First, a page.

The Supreme Court on Monday gave election officials in South Carolina the green light to enforce a state law that requires voters to sign absentee-ballot envelopes in the presence of a witness. The lower courts had barred the state from imposing the witness requirement, concluding that doing so during the COVID-19 pandemic is likely to infringe on the right to vote. Despite reinstating the witness requirement, the Supreme Court made clear that ballots that have already been cast will still be counted, as long as they are received within the next two days.
The order came in a lawsuit filed in May by a group of South Carolina voters, the South Carolina Democratic Party and the Democratic National Committee. U.S. District Judge J. Michelle Childs barred the state from enforcing the witness requirement for the state’s June primary and again for the upcoming November election. She concluded that the challengers were “substantially likely” to be able to show that, because of the “unique risks posed by the COVID-19 pandemic,” the witness requirement would violate the challengers’ constitutional right to vote. After the full U.S. Court of Appeals for the 4th Circuit left Childs’ order in place, state election officials (along with Republican leaders of the state’s legislature and the South Carolina Republican Party) came to the Supreme Court last week.
In a filing on Thursday, the state officials argued that the lower-court orders are directly contrary to the Supreme Court’s admonition that federal courts should not change the rules shortly before an election, a doctrine known as the Purcell principle. The lower courts’ rulings also conflict with an order from the Supreme Court in July that restored a similar witness requirement in Alabama, the officials added.
The challengers urged the justices to leave the lower-court orders in place in their filing on Friday, citing “overwhelming and unrefuted evidence” that enforcing the witness requirement during the pandemic “increases the risk of COVID-19 infection and transmission and unconstitutionally burdens the right to vote.” Because thousands of voters have already returned their ballots, the challengers suggested, reinstating the witness requirement now would create the prospect of more confusion. And South Carolina’s case is “unique,” they added, because the head of the state’s election commission has said that the witness requirement does not help to deter voter fraud. Moreover, there was no evidence of any voter fraud during the June primary, when the state was also barred from enforcing the witness requirement.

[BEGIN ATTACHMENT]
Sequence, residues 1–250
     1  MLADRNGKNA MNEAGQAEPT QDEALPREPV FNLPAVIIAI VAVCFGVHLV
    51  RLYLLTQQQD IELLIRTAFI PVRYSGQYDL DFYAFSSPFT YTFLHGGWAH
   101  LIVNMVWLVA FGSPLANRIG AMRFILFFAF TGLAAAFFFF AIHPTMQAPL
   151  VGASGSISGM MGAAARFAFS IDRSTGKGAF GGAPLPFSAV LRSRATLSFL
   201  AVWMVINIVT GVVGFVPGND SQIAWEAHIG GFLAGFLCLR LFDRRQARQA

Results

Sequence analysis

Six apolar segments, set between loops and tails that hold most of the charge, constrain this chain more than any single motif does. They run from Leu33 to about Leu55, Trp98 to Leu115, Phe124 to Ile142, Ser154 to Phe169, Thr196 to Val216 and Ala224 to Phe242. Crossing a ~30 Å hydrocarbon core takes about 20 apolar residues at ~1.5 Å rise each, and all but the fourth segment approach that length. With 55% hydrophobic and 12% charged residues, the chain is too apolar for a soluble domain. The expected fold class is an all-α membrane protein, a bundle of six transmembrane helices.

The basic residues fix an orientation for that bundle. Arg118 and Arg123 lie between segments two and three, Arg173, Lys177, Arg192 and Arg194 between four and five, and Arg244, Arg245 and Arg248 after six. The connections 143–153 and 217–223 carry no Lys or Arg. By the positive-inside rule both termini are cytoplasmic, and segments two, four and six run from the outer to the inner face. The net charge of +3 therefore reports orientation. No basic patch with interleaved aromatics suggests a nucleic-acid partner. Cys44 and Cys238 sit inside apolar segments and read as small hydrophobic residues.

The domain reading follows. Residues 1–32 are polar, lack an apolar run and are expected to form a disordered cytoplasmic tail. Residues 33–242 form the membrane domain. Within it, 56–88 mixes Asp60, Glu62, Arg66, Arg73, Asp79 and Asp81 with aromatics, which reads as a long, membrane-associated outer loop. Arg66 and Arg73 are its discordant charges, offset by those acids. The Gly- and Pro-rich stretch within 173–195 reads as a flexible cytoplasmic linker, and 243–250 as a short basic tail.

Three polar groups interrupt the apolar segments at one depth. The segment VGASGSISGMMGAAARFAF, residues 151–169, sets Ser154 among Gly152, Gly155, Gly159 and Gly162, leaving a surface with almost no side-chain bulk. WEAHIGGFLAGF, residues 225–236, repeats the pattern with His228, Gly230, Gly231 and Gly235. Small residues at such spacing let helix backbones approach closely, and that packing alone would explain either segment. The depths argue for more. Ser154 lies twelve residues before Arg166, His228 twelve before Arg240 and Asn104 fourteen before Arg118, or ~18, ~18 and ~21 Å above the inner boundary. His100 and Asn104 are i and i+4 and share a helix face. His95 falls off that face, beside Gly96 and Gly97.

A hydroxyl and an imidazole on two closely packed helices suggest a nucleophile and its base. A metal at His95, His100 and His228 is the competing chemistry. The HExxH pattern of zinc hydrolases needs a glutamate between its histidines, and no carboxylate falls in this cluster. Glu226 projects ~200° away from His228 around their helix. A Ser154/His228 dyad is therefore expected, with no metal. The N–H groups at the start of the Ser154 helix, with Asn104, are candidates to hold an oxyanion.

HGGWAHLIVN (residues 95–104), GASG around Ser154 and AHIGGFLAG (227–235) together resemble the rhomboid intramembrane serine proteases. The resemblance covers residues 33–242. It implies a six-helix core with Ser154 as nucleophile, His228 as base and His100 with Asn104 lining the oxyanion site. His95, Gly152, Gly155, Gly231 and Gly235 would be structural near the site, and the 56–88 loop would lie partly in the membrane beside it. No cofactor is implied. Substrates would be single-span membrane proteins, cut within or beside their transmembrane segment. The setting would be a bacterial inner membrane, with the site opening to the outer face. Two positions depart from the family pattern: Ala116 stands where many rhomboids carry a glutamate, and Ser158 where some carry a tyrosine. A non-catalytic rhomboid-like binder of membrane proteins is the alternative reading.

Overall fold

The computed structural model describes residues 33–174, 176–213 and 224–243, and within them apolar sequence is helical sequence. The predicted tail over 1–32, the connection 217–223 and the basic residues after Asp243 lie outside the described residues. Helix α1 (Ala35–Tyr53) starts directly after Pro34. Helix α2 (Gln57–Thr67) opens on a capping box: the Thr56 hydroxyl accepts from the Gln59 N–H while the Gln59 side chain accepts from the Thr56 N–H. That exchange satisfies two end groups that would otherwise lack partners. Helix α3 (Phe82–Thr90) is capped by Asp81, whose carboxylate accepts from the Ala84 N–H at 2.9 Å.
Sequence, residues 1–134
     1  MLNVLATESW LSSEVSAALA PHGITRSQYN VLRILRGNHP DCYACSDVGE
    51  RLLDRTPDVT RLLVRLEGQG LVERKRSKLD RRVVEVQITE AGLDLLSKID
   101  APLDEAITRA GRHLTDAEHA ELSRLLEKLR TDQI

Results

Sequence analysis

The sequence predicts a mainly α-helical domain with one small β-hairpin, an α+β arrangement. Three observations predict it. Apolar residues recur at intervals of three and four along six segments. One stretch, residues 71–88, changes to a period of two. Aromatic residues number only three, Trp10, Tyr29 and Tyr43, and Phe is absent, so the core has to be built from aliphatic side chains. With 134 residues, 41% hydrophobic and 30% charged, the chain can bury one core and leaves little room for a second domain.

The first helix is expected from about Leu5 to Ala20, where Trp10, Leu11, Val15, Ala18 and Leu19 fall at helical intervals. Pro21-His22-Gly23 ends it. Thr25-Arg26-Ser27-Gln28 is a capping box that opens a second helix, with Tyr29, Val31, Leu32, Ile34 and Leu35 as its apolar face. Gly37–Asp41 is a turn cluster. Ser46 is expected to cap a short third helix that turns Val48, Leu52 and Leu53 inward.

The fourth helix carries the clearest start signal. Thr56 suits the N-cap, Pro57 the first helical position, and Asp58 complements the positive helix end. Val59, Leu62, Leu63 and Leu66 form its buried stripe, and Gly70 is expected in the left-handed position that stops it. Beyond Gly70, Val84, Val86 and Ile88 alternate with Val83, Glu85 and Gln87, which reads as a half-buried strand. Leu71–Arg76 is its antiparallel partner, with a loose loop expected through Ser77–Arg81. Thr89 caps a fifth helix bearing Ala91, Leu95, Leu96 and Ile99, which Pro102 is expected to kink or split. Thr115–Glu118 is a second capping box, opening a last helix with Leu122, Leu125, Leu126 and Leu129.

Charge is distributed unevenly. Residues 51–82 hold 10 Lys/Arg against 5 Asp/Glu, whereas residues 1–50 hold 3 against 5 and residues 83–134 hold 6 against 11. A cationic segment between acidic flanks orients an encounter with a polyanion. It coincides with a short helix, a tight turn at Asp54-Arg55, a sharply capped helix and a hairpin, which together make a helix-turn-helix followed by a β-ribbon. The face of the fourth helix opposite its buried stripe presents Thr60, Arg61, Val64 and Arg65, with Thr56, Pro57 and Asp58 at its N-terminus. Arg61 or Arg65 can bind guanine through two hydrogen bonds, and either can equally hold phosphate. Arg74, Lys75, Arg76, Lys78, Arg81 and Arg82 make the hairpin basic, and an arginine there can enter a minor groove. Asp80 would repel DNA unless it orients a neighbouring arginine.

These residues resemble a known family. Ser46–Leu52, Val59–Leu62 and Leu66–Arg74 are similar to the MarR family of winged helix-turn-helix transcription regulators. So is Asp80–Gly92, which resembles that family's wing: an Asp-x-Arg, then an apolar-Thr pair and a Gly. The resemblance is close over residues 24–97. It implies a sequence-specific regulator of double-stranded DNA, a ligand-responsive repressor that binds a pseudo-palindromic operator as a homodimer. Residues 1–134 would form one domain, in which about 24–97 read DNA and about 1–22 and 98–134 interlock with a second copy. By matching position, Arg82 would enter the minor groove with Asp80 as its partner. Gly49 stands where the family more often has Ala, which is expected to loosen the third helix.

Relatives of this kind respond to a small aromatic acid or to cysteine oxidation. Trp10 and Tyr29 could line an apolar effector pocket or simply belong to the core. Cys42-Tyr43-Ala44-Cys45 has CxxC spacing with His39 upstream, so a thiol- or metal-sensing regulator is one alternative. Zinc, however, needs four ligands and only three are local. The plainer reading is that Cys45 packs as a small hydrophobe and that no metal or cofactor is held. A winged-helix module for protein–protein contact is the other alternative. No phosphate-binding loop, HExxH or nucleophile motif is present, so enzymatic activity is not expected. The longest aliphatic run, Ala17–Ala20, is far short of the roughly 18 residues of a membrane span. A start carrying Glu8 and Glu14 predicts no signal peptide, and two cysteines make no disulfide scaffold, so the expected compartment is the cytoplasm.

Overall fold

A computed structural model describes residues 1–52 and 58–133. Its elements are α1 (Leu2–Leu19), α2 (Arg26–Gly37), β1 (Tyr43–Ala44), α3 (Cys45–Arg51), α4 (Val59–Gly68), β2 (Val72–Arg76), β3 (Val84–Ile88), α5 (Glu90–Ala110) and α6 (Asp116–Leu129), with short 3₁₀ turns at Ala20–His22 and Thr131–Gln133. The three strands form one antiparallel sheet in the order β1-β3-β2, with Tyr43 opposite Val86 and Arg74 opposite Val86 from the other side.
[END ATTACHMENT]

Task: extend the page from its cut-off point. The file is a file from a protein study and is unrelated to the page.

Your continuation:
The justices reinstated the witness requirement in a brief order on Monday night, putting Childs’ ruling on hold while the state’s appeals are pending. Three justices – Justices Clarence Thomas, Samuel Alito and Neil Gorsuch – indicated that they would have granted the state’s request in full, which would have allowed the state to reject any ballots that had already been cast and did not comply with the witness requirement.
Justice Brett Kavanaugh filed an opinion agreeing with the decision to grant the state’s request. He reiterated that state officials should have “especially broad” leeway when dealing with “areas fraught with medical and scientific uncertainty.” Therefore, he continued, federal judges – who are not public-health experts – normally should not second-guess any decisions that a state legislature makes (or opts not to make) to address COVID-19 and the upcoming elections. By prohibiting the state from enforcing the witness requirement, Kavanaugh stressed, Childs ran afoul of that principle. Childs’ order blocking the witness requirement in the run-up to the November election also violated the Purcell principle, Kavanaugh continued.
There were no recorded dissents from Monday’s order.
This article is also published on SCOTUSblog.